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Across The Editor's Desk: Peace within grief

Agriculture.com Staff 02/09/2010 @ 1:24pm

Timing matters. Shortly after the funeral of a 46-year-old friend and father of four sons who died of cancer in early January, I came home and read an appropriate e-mail message. It was sent to friends of Jane Herlong, a professional speaker and author (www.janeherlong.com) from South Carolina.

Jane, wife of Fellowship of Christian Farmers founder Thomas Herlong, shared 10 thoughts on living in peace regardless of circumstances following the death of her mother and sister within five months last year. The timing of the message was a comfort to me. May it be helpful to you, too. Here's what Jane wrote:

  1. Forgive. Don't live in a spirit of unforgiveness. Acid destroys the container quicker than it will touch the person who has wronged you.
  2. Grieve well. There is a difference between healthy grief and unhealthy grief. I saw my grandmother grieve over my grandfather for years and years. Do not be consumed with a spirit of grief.
  3. Serve others. In the past two weeks, my small church has been affected by seven deaths. I have tried to focus my thoughts on comforting these families rather than my own grief.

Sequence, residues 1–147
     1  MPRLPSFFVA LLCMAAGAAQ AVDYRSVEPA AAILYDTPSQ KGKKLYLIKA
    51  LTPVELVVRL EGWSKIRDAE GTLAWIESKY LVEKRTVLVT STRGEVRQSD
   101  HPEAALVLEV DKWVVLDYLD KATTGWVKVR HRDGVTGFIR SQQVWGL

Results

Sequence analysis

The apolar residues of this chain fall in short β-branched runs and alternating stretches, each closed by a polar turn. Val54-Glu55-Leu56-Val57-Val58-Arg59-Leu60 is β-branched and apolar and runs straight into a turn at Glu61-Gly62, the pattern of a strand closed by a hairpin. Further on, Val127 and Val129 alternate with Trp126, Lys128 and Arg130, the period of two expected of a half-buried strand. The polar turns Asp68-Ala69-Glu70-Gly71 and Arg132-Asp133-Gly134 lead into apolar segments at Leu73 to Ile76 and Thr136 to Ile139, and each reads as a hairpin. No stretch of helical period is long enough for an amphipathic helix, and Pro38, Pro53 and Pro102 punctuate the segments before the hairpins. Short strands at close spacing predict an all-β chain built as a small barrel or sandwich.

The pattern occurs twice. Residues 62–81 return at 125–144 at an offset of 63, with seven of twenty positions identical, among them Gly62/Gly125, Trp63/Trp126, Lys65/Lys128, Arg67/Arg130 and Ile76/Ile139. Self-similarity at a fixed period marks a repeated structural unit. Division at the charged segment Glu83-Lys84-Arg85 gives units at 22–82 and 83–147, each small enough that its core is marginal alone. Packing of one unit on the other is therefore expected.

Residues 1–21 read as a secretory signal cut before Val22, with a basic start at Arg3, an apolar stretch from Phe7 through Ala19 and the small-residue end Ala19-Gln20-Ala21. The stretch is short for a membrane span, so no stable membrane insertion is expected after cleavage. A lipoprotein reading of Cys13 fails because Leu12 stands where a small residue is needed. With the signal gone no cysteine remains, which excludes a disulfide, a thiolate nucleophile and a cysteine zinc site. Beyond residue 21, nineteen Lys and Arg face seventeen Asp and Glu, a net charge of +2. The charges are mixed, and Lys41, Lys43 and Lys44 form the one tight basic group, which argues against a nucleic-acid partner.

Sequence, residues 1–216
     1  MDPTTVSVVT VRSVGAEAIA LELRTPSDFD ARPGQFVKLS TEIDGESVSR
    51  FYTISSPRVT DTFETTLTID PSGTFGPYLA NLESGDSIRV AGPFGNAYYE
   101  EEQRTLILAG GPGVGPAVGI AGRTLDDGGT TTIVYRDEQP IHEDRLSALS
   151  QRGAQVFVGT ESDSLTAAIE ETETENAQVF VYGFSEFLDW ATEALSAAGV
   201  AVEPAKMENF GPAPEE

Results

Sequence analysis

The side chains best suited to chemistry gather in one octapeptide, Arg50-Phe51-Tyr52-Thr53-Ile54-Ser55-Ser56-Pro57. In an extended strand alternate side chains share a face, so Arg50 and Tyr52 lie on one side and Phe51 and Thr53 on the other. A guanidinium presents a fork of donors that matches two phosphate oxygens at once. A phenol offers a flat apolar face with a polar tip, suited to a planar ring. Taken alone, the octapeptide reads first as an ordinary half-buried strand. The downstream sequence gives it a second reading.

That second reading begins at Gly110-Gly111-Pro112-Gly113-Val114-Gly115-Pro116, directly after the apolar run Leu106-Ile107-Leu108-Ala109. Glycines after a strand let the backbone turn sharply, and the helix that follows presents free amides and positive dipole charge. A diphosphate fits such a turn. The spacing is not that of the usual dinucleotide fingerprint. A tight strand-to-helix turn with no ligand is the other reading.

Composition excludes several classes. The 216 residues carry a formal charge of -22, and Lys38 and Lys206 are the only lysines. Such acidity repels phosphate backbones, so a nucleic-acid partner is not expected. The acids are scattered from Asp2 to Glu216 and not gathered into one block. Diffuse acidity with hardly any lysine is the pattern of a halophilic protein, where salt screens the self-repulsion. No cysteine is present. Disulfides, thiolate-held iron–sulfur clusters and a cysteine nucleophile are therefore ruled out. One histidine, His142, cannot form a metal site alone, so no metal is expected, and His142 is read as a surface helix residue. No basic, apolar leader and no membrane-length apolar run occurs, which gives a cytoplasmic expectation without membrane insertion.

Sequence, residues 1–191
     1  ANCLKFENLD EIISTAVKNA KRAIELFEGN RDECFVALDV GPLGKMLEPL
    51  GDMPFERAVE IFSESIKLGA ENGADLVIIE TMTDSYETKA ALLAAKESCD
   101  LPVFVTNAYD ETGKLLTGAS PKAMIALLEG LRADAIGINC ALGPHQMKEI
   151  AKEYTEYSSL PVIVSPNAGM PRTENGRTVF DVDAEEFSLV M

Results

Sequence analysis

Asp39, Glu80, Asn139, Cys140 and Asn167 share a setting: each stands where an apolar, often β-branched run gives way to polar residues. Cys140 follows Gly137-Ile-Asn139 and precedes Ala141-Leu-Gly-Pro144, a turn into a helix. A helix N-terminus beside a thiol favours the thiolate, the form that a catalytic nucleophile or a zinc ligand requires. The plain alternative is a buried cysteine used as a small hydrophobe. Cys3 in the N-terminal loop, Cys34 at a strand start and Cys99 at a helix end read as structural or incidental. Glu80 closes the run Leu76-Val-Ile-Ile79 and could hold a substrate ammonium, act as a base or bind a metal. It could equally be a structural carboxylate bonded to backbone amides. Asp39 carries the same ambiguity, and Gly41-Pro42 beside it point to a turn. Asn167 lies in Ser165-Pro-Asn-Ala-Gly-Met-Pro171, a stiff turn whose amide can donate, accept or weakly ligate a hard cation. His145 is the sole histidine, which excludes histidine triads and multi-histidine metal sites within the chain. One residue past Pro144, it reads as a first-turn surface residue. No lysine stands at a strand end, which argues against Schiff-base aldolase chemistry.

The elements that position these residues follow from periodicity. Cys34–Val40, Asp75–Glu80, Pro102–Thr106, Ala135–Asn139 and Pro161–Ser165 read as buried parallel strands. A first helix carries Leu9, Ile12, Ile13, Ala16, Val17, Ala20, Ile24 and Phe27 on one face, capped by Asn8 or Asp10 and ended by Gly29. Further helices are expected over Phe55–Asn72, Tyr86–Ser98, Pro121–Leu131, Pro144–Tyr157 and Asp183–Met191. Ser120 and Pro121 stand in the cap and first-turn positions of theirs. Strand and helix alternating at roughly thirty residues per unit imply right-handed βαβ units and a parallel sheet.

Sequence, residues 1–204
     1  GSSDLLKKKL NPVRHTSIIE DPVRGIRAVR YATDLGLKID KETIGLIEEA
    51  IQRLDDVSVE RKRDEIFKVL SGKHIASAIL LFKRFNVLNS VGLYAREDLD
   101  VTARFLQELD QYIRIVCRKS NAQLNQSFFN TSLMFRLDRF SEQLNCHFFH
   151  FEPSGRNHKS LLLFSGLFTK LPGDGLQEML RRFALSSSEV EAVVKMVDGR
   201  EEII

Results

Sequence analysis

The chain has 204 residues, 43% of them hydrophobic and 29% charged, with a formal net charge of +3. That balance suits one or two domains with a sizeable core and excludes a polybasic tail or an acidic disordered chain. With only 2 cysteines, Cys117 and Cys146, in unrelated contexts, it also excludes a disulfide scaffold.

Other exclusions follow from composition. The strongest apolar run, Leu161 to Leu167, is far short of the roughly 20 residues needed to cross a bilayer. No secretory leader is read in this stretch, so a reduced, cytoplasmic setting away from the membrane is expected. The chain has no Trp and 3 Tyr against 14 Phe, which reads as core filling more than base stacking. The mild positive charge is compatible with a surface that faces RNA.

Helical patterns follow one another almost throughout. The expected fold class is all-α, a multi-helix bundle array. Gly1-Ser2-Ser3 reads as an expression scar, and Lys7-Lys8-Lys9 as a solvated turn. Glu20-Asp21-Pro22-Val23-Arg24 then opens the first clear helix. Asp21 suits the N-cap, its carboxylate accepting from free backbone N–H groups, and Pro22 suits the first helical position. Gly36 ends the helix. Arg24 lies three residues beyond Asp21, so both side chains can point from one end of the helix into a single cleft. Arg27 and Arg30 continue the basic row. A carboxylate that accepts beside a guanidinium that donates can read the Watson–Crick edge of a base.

4. Walk in love. As I look back on my 2009, I believe the most powerful thing we can do in order to rest our heads at night is to walk in a spirit of love.
  5. Manage your emotions. The mark of a truly mature person is to harness your emotions regardless of how you feel, because our feelings can make us say things we regret.
  6. Speak the truth in love. We should prayerfully ask the Lord to quicken our hearts if we are to confront people who enjoy gossiping.
  7. Confront the source. When poison is spewed from the mouth, approach the source. Cowards cower in darkness.
  8. Accept unanswered answers. One of the wisest comments I ever heard was made by a friend of mine commenting on problems in life. He simply said, "Sometimes there are no answers."
  9. Let God be your vindicator. Many times your best defense is silence. In the complex world we live in, the only true vindication comes from the hand of God. Let Him be your quarterback.
  10. Discover the mystery. This is the most powerful principle of all and the most difficult of all tasks. Yet it is simple.

The choice is yours. It is all up to you.

Timing matters. Shortly after the funeral of a 46-year-old friend and father of four sons who died of cancer in early January, I came home and read an appropriate e-mail message. It was sent to friends of Jane Herlong, a professional speaker and author (www.janeherlong.com) from South Carolina.

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